The role of glaucoma virtual clinics has developed to help meet demand for capacity within busy glaucoma services. There is limited research of patient and clinician experiences and perceptions of these clinics and the aim of this study is to provide further information to help improve patient experience and guide service delivery.
A mixed methods research design was employed comprising of a patient satisfaction survey, and patient and clinician interviews. Consultant ophthalmologists were recruited from throughout the UK, and patients and data gathering clinical staff recruited from the Manchester Royal Eye Hospital and Bristol Eye Hospital.
We received a total of 148 patient satisfaction questionnaires with an overall response rate of 55.4%. Most respondents were diagnosed with primary open angle glaucoma (33.9%) at Manchester and glaucoma suspect status at Bristol (50.6%). Patients had high levels of confidence in the person conducting the tests (94.8% Manchester, 98.8% Bristol), and most were likely to recommend the service to family or friends (94.8% Manchester, 92.6% Bristol). We interviewed 10 consultant ophthalmologists, 10 data gathering staff and 20 patients. A number of key themes emerged from the transcribed interviews including: patient experience, clinician perception of patient experience, service delivery, staffing and staff experience, and patient safety.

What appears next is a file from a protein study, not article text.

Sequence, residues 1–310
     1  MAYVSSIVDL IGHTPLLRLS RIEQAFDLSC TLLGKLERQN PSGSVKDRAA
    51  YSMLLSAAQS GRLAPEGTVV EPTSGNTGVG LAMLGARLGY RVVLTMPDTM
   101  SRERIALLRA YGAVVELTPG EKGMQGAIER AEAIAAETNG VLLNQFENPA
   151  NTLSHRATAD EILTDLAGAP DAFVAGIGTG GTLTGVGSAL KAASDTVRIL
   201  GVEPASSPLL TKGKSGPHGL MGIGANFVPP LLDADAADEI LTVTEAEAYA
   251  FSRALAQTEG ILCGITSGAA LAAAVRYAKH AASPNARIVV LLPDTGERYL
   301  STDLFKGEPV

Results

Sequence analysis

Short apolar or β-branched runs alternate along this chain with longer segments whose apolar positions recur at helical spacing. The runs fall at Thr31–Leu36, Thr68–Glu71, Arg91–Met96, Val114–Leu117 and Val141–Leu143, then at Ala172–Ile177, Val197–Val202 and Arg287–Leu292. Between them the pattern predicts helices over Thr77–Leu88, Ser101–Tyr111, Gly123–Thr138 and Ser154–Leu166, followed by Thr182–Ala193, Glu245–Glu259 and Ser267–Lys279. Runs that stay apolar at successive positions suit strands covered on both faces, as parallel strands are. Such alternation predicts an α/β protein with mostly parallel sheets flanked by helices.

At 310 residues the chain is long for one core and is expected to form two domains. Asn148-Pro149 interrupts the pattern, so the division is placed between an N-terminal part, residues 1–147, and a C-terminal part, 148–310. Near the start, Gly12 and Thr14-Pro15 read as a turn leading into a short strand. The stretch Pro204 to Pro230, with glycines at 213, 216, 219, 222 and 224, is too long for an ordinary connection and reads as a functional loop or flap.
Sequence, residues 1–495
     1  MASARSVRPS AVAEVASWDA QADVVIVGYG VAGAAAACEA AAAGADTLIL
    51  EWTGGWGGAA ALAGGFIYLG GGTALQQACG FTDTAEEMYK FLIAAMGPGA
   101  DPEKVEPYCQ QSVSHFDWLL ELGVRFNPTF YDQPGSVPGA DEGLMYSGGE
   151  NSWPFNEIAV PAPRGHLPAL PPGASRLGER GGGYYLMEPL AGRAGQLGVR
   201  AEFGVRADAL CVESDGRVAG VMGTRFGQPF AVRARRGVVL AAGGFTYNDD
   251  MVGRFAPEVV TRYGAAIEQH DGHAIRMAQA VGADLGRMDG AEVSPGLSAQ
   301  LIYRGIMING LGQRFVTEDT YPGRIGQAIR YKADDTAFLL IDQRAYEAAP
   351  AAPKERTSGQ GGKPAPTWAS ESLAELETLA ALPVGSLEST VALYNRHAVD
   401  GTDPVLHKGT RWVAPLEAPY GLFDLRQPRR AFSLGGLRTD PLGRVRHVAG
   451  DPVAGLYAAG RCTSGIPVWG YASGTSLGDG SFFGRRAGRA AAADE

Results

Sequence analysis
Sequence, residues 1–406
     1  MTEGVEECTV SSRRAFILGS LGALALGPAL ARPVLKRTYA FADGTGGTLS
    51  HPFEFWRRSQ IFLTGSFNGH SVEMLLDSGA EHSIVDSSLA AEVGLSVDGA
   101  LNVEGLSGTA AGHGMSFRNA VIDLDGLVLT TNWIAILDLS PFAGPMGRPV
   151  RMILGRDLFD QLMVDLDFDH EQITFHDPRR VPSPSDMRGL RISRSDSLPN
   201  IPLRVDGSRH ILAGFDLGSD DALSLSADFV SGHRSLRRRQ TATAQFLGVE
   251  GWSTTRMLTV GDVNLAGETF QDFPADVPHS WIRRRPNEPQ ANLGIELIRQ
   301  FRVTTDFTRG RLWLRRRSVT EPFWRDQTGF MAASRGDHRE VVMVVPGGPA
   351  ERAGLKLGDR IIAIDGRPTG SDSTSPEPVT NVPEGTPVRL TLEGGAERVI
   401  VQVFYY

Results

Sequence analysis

Glaucoma virtual clinics can be acceptable to both clinicians and patients, including those with a varied complexity of glaucoma and glaucoma-related disease. Dissatisfaction seemed to relate to poor communication or processes and systems within the service rather than complexity of disease.